Mr Storey also refers to the Rich Energy stag logo being removed for the F1 race in Canada. As Rich Energy and Mr Storey are well aware, the stag device was removed following a decision in the High Court in London that Rich Energy and Mr Storey had breached the copyright in this logo belonging to ATB Sales Limited. The suggestion that our client wrongly removed the infringing logo is therefore wholly unsupportable.
If real, this means the mysterious energy-drink company out of Britain, which many questioned the existence of due to its limited distribution and murky past, agreed to pay 14 million pounds, or $17.6 million, for the 2020 race season, and 15 million pounds, or nearly $18.9 million, for 2021.
It’s not Mercedes-AMG Petronas money, estimated to be $75 million annually via Forbes and Formula Money, or Ferrari-Philip Morris, said to be $50 million, but it’s still a lot—especially for a company shown to have had 581 pounds in the bank in 2017. (Storey called that figure “irrelevant” when talking to Jalopnik.)
It also shows the apparent details of a deal that neither Haas nor Rich Energy would elaborate on, which made it even more perplexing. Haas has supported its own race cars through Haas CNC, and it wasn’t clear how much Rich Energy was actually paying to be a “title partner” for the team.
In addition to that, the letter posted by Rich Energy refers to its stag logo being removed before the Canadian Grand Prix in June, and seems to say that Storey suggested Haas “wrongly removed the infringing logo.”
When the logos were pulled, Rich Energy said it asked Haas to remove the logo because it didn’t “want any media circus” while Rich Energy fought, and later lost, what it referred to as a “baseless case” against it. Rich Energy said the directive came from itself, not Haas, which doesn’t seem to be the claim now.
But this is the new normal in the world of Rich Energy and the Haas F1 team, whose rocky relationship over the past nine months or so is detailed, as full as we’ve been able to detail it, in the related stories you see below.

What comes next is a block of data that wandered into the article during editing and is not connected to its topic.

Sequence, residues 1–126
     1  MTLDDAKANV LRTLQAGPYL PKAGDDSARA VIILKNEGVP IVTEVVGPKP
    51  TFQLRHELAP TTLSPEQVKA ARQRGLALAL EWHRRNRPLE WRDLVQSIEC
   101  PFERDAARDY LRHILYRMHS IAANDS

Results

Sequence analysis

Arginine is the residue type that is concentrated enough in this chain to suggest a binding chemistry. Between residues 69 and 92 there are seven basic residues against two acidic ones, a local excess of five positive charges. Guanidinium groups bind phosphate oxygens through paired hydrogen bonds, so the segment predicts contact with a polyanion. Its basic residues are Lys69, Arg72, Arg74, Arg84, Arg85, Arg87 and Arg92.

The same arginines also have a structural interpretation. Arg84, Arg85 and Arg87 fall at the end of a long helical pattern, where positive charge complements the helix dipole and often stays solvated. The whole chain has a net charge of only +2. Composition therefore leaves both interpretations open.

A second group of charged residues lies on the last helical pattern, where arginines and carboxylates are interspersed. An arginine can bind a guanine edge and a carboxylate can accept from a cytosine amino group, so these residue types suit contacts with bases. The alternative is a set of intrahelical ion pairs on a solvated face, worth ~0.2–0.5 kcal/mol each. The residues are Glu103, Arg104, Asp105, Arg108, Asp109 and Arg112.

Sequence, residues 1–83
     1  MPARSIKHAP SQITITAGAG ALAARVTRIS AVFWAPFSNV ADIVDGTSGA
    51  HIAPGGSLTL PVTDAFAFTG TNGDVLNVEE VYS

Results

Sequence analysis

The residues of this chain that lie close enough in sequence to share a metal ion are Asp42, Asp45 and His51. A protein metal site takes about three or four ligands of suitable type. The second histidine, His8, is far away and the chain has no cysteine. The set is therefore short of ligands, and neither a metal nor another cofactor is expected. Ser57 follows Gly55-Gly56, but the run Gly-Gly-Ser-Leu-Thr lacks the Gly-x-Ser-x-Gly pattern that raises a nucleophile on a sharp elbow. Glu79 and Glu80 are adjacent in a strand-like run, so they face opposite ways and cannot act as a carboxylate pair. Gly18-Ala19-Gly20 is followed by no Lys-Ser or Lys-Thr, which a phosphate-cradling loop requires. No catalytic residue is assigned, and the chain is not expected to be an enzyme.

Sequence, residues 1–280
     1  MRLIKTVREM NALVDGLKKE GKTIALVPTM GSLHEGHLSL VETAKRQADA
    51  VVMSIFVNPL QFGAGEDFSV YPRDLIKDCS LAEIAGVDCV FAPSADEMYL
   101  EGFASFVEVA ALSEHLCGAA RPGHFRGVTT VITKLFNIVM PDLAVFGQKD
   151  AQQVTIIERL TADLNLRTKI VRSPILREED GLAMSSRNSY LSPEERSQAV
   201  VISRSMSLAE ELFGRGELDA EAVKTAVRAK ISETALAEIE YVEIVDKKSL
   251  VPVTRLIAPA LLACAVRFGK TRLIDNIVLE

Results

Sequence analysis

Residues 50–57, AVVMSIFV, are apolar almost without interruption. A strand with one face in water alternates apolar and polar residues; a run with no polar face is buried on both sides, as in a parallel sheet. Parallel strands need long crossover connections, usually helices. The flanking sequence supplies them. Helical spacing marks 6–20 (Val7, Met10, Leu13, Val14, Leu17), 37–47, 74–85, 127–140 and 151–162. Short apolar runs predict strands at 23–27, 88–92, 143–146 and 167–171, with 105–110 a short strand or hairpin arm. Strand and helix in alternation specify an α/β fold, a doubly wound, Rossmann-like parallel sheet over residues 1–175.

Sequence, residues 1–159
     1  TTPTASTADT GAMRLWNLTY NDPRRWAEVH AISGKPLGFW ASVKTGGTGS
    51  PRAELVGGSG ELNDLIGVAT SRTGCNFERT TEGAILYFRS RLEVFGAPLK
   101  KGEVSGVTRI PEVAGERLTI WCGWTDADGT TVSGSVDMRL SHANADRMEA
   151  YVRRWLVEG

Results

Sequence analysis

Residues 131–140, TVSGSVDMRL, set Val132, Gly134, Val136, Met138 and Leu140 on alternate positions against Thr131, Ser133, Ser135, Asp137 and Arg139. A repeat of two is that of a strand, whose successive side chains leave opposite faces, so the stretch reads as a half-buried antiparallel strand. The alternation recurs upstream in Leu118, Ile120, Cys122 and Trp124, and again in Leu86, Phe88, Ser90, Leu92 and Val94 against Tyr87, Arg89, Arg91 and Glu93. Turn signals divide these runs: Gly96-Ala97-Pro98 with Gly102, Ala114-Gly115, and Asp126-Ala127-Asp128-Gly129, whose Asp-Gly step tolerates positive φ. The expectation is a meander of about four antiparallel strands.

Who’s excited to see what happens on Twitter this week?
Update: Sunday, July 14, 2019 at 3:34 p.m. ET: Storey responded to Jalopnik via email, saying the email is “from Haas lawyers 100 percent.” Jalopnik was shown the email directly from the Jeremy Courtenay-Stamp at the Ebury Partnership with the subject “Our client: Haas Formula LLC.”
An attachment in that email also included Storey’s original email to Steiner, which said “removing [the] stag logo unilaterally in Canada when not required undermined [Rich Energy] to the world’s media,” which suggests a different reality from how Rich Energy described the removal when it happened.
Storey said he remains CEO and the largest shareholder at Rich Energy, and has “the support of the board of Rich Energy.” He’s “consistently telling it as it is and Haas and the minority shareholders are not,” he wrote.
“Their complicity in seeking to remove me as CEO (a position I of course still hold) is wholly unacceptable conduct given I did the deal with them and I gave personal guarantee,” Storey said via email. “It is like me seeking the removal of Gene Haas! Disgraceful.”
Haas has not responded to Jalopnik’s request for comment, but we will update this story if the team does.
Update: Monday, July 15, 2019 at 1:50 p.m. ET: Haas declined to comment.